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Vol. 62. Issue 4.
Pages 253-256 (October - December 2018)
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Vol. 62. Issue 4.
Pages 253-256 (October - December 2018)
Short Communication
DOI: 10.1016/j.rbe.2018.08.003
Open Access
First host record of Epipompilus (Hymenoptera: Pompilidae) from Brazil and discussion of prey carriage mechanism
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Bhrenno M. Trada,b, Rogerio Silvestrea,b,
Corresponding author
rogeriosilvestre@ufgd.edu.br

Corresponding author.
, Tiago H. Aukoa, Vinicius M. Lopeza, Eduardo F. dos Santosc
a Universidade Federal da Grande Dourados, Faculdade de Ciências Biológicas e Ambientais, Laboratório de Ecologia de Hymenoptera, Dourados, MS, Brazil
b Universidade Federal da Grande Dourados, Faculdade de Ciências Biológicas e Ambientais, Programa de Pós-Graduação em Entomologia e Conservação da Biodiversidade, Dourados, MS, Brazil
c Universidade Estadual Paulista “Júlio de Mesquita Filho”, Instituto de Biociências, Letras e Ciências Exatas, Departamento de Zoologia e Botânica, São José do Rio Preto, SP, Brazil
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Abstract

We register for first time the occurrence of Epipompilus tucumanus Evans, 1967 in Brazil, and record the spider Ariadna boliviana Simon, 1907 as its host. The observations were made in the National Park of Chapada dos Guimarães, Mato Grosso, Brazil. The prey carriage mechanism is described for first time for this genus, and we provide a video showing this behavior.

Keywords:
Behavior
Brazilian Cerrado
Host association
Segestriidae
Spider wasp
Full Text

The spider wasp genus Epipompilus Kohl, 1884 comprises 51 species, 17 of which occur in the Neotropical Region and 34 in the Australian Region (Evans, 1953; Elliot, 2007). The biology of this genus is poorly known, and prey has been reported for only two species: E. insularis Kohl, 1884 (Pollard, 1982; Harris, 1987) and E. platensis (Roig-Alsina and Barneche, 2017). Six spider families have been reported up to now as Epipompilus host: Clubionidae, Desidae, Heteropodidae, Salticidae, Sparassidae and Segestriidae (Evans, 1972; Pollard, 1982; Harris, 1987; Shimizu, 1994; Roig-Alsina and Barneche, 2017).

Evans (1967) describes Epipompilus tucumanus from Tucuman and Jujuy (Argentina) in Chacoan biogeographical province, and also from San Esteban, Venezuela, at the Venezuelan biogeographical province. Evans (1976) added another locality from Buena Vista in Santa Cruz, Bolivia, at Rondonian biogeographical province.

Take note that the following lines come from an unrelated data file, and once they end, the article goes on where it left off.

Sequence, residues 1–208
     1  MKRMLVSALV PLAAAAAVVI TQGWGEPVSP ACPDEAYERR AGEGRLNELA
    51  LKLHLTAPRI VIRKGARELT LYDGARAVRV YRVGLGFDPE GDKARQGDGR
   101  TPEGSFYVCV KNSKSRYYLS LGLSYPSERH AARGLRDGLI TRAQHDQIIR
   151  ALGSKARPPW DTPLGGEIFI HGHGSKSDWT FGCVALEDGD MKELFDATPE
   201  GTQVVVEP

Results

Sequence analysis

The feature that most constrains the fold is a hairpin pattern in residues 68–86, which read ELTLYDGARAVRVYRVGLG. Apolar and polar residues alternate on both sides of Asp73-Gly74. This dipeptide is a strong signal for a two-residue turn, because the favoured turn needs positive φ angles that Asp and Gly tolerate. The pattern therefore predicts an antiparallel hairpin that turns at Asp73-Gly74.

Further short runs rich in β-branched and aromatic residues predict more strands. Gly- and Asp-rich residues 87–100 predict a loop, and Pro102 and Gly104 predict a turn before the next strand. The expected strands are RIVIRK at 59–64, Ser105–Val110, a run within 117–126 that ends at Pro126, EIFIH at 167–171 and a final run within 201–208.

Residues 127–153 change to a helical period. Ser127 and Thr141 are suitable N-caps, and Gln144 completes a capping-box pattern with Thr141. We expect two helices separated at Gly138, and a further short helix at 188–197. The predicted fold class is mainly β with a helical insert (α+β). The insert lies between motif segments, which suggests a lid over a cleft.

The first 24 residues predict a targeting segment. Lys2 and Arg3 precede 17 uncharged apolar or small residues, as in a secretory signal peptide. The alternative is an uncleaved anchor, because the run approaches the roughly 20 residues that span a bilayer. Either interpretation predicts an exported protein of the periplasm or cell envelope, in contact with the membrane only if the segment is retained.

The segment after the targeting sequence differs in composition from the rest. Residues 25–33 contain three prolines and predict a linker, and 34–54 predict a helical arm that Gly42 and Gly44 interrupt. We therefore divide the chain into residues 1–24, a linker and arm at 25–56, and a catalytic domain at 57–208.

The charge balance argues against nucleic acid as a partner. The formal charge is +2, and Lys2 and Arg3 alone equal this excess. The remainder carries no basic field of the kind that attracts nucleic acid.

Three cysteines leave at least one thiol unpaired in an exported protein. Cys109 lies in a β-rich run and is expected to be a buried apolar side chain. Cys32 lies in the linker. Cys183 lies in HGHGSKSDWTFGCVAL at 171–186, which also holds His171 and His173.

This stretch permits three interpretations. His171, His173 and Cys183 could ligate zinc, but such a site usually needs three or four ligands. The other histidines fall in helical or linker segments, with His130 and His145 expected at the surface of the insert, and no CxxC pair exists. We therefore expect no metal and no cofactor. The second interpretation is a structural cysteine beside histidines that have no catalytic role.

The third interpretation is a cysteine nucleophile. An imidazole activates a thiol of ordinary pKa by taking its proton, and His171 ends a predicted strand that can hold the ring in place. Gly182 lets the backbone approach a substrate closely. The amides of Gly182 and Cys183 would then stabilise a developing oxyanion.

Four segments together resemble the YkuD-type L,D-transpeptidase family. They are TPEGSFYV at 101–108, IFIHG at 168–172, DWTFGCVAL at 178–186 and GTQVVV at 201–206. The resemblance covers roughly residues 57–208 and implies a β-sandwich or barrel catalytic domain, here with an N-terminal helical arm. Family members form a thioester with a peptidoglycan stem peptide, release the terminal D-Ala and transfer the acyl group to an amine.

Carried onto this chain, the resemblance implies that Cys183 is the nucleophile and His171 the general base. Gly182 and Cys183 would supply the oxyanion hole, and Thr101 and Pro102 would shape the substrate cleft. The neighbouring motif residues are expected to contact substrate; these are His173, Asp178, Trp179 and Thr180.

On March 28, 2016, around 11 AM, at the National Park of Chapada dos Guimarães, MT, Brazil (−15.4069° −55.8239°, 610m asl.) (Fig. 1), two of us (B.M.T. and V.M.L.) observed a female of E. tucumanus (Fig. 2) carrying a cursorial spider on a trail inside the Cerrado sensu stricto. According to Morrone (2014) this site is located in the Cerrado biogeographical province, Chacoan sub-region, and Chacoan dominion. The climate of this region is classified by Köppen into Tropical with dry winter (Aw) (Alvares et al., 2013). The wasp was collected and deposited in the Hymenoptera collection of the Museu de Biodiversidade (MuBio), Universidade Federal da Grande Dourados (UFGD), Mato Grosso do Sul State, Brazil (voucher number Hym-00191-P). The spider was determined by Dr. Antônio D. Brescovit, and deposited in the arachnid's collection of the Instituto Butantan, São Paulo State, Brazil (voucher number IBSP-211845).

Fig. 1.

Collecting localities of Epipompilus tucumanus Evans, 1967 in South America, with biogeographic provinces (Morrone, 2014), including the type locality and Evans (1976) record. Highlighting the Chapada dos Guimarães National Park limits, with our collecting point (red star).

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Fig. 2.

E. tucumanus ♀ lateral habitus.

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We sent pictures of the specimen collected in Chapada dos Guimarães to Dr. Arturo Roig-Alsina for identification, and we compared it with the images of the holotype available at https://mczbase.mcz.harvard.edu/guid/MCZ:Ent:31320. We agree that the specimen is a variation of E. tucumanusEvans (1967). It differs from Evans's description by the followings characters: 1- the ivory-white spot is present only on the scape (Fig. 3), Evans (1967) comments that such spots are present on the first three antennal segments; 2- the mesoscutum is wholly black, without ferruginous midline posteriorly (Fig. 4); 3- the whitish band on the posterior margin of the pronotum has no rufous border (Figs. 3 and 4); 4- the first gastral segment and the basal ⅔ of tergum II are ferruginous, with the remainder black (Fig. 5); 5- the whitish markings on meso- and hindtibiae are reduced on the outer and the inner surface (Fig. 6); 6- the clypeus is 2.0× as wide as its median length (Fig. 7); 7- the middle interocular distance equals 0.51× width of the head (Fig. 7); 8- the lower interocular distance is equal to 0.9× of the upper one (Fig. 7); 9- unlike the holotype, our specimen has oval white spots between the antennal lobes and eyes (Fig. 8). In view of these differences possibly the specimen represents an undescribed species.